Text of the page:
Having a baby and getting ready for the big day? Don't forget about the importance of planning ahead and making sure your dog is ready for the arrival of your new baby.
Here are some training tips you can practice before the baby arrives. I have many clients that hire me months ahead of time to work on these strategies. You can avoid surprises by practing well in advance.
- Use a baby doll as a prop to get used to holding a baby while you are walking the dog, managing his behavior and moving around the house.
- Practice changing the baby diaper, giving the a bath, etc. using the doll. This will help determine what behaviors such as STAY or NO JUMPING that you need to work on for “hot moments”.
- Get a CD with baby noises and start playing it so your dog hears the noises and it becomes part of the normal environment.
- Create positive associations by giving your dog treats whenever he sees children. Be especially aware of when children are running and shouting and give extra treats when these events happen.
- Teach a rock-solid LEAVE IT, STAY, DROP IT, DOWN, OFF, and GO TO MAT, COME.
- Introduce your dog to all the baby items before the baby is home. Work on a strong LEAVE IT with any items not to be touched by your dog.
- Create positive associations with items such as the stroller. Every time your dog goes near the stroller (without jumping up on it) give him a yummy treat.
- Practice orientation of the helper person when the baby arrives for hot moments such as changing a diaper. You don’t want to put yourself in a bad training situation where you are changing a diaper by yourself and having to control your dog’s activities. There should be a designated trainer to help practice initially.
- Work on managing your dog’s movement using baby gates, dog-proofing a room, or getting a crate for him to be in. You can’t expect him to always obey commands. Sometimes he needs to be distanced from the situation and you don’t want him to be agitated and bark continuously during these times.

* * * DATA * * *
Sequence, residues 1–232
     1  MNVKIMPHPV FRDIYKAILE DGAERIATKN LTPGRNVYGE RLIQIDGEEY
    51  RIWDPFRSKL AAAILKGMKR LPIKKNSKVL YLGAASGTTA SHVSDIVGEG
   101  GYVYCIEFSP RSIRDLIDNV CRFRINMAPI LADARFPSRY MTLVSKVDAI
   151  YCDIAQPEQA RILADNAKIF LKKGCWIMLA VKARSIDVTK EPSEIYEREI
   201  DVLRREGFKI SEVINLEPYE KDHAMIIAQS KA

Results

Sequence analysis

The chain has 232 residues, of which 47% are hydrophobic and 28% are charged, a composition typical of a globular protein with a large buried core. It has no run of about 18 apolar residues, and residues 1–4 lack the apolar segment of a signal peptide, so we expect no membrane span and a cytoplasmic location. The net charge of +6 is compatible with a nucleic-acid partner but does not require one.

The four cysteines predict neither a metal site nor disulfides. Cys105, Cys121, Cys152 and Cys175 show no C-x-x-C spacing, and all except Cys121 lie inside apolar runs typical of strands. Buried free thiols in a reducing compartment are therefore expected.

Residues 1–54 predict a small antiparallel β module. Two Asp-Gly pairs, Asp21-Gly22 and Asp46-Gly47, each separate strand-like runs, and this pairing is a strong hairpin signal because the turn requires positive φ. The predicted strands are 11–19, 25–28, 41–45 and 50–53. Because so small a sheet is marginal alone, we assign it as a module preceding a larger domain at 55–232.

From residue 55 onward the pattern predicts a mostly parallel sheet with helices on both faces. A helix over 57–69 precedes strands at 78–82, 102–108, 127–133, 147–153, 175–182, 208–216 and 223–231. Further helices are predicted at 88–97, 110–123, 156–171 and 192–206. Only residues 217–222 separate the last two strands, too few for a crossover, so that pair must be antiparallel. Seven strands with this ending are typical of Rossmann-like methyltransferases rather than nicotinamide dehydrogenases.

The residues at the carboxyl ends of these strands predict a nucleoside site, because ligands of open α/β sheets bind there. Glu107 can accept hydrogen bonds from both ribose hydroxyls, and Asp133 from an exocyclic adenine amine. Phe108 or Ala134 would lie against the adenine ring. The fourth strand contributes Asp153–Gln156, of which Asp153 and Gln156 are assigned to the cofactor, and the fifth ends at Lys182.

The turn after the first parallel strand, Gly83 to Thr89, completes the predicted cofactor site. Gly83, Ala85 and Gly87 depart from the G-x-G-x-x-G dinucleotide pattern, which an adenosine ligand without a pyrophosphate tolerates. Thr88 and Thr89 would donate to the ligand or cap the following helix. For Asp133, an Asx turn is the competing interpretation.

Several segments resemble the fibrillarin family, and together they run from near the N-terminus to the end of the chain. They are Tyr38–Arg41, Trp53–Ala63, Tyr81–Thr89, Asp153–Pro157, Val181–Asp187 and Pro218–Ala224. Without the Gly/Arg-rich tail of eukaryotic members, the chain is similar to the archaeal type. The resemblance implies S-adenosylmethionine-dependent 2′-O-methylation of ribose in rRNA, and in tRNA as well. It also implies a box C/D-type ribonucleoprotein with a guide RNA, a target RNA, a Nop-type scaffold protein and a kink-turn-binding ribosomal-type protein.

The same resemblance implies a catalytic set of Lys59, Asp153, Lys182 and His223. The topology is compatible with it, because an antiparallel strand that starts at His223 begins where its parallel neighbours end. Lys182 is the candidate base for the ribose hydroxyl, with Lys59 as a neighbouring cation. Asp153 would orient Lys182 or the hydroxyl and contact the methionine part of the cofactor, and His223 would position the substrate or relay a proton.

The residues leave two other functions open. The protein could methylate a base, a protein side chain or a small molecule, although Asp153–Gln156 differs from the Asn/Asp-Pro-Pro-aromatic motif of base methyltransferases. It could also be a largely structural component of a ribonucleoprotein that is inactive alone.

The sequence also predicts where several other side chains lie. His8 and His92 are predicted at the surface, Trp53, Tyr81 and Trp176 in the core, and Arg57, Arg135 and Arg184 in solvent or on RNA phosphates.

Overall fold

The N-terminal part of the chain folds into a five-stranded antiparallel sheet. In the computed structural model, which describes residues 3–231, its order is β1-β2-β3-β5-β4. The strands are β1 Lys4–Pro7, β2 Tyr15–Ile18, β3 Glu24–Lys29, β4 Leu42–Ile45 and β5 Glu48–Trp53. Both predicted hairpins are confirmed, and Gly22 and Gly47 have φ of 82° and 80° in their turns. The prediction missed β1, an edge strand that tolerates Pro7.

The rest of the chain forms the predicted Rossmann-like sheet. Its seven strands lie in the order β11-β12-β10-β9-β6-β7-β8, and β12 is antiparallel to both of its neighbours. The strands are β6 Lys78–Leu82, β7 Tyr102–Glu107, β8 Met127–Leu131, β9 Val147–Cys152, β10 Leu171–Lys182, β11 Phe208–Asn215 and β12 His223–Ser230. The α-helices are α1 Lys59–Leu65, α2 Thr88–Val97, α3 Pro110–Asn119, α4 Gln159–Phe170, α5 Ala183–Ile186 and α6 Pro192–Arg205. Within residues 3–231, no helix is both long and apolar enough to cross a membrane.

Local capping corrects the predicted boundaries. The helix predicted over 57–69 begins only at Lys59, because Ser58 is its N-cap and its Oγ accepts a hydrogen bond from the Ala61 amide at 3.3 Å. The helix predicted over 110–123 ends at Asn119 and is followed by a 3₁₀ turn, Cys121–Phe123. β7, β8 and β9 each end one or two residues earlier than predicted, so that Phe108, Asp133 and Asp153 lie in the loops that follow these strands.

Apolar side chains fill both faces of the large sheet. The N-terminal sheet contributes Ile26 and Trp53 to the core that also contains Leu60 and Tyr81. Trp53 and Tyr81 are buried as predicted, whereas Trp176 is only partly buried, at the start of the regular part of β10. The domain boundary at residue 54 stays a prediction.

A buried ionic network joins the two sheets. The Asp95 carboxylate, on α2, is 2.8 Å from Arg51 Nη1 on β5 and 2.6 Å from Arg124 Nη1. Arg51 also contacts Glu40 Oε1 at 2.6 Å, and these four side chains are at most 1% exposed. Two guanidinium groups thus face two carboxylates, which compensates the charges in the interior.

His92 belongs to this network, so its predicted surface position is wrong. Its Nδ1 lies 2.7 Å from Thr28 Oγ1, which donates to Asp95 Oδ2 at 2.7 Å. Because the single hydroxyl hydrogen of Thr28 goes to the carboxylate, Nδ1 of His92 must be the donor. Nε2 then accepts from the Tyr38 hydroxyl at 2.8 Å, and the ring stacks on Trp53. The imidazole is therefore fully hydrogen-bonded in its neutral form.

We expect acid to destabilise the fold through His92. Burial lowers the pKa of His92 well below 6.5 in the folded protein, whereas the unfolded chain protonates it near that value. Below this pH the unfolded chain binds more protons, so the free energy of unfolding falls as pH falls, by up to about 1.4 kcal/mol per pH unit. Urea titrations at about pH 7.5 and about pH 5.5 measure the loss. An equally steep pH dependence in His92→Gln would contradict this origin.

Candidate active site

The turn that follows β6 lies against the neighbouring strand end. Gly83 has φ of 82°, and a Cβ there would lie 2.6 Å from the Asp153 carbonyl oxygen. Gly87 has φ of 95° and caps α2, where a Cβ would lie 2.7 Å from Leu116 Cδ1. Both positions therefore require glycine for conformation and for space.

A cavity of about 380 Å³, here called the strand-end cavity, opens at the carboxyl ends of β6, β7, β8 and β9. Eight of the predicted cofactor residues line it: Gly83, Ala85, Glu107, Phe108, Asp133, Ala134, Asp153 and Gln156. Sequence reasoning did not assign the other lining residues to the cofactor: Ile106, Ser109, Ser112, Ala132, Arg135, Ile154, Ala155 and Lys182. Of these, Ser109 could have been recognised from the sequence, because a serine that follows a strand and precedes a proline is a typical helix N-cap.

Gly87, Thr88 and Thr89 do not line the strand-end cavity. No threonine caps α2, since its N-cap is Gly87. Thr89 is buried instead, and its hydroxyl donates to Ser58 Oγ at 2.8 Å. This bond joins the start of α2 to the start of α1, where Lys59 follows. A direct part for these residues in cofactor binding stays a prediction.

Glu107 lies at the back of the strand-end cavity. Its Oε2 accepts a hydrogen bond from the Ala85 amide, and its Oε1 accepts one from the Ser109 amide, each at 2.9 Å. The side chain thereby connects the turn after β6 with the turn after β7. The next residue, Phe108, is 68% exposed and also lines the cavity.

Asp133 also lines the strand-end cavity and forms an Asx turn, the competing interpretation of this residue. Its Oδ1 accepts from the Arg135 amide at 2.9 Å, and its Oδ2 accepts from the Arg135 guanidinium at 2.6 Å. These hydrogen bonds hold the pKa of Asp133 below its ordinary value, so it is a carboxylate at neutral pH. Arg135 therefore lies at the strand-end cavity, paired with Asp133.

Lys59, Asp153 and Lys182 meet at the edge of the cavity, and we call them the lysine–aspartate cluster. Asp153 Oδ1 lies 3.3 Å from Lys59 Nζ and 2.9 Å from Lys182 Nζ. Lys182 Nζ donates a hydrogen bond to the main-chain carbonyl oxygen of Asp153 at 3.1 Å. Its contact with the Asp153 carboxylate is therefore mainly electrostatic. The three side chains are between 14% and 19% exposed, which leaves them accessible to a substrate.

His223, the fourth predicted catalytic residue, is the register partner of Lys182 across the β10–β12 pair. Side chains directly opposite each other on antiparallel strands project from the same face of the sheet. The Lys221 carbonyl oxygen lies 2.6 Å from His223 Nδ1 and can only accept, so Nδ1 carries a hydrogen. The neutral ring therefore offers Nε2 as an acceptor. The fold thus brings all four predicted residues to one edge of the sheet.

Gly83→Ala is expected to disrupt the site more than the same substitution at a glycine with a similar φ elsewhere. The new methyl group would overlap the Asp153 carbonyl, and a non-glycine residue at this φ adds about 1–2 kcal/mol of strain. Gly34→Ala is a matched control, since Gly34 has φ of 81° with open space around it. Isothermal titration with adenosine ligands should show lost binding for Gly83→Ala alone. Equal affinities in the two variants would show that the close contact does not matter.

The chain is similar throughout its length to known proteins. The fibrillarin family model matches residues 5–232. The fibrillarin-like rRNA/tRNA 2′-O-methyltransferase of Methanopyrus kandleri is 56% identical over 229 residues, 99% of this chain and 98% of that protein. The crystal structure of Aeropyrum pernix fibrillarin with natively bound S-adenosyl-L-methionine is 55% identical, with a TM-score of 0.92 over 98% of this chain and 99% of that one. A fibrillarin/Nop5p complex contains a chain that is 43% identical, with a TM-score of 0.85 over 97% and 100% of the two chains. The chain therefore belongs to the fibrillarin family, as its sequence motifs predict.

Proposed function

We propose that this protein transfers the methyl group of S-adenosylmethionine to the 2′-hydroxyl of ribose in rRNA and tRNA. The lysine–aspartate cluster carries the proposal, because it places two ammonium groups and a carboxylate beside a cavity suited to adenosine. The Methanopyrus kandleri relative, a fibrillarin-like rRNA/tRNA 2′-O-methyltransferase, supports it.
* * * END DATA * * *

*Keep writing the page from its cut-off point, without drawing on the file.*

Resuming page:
- If there is anyway to bring something home with the baby’s scent on it before you come home, this is a good way to start positive associations and help your dog get used to the new smells.
- Have someone else hold the baby and have the new mom go in first. You want to avoid a negative association the first time your dog meets the baby to be greeted with a stressful, understandable shout because he is jumping on the new baby and mother.
- Start the greeting from a safe distance away and have your dog do behaviors to keep his mind occupied. Make sure that there is no jumping, fast movements and shouting in reaction. Use a leash if you are not absolutely sure of safety.
- Do repeated short greetings, make it pleasant, and then manage your dog if there is any risk of jumping or anxiety.
- You need to create consistent, identifiable behaviors for your dog to follow. If there are rooms that are off-limits, for instance, you should use a combination of management using baby gates or closing doors and training.
- ALWAYS supervise contact between your dog and the baby.
- Set aside appropriate time periods to give your dog the exercise and attention he needs. Sometimes inappropriate behavior is identified as “jealousy” when in reality it is just under-exercise and stimulation.
- Find other ways to exercise and stimulate your dog through games, hide and seek, training sessions, etc.
- Always let him know when he is acting appropriately whether that means not jumping, being gentle around the baby, being calm, etc.
Keep him supplied with new, exciting chew toys to give him chewing stimulation. Make sure he likes them, and remove them for safety and to keep them novel when he is not using them.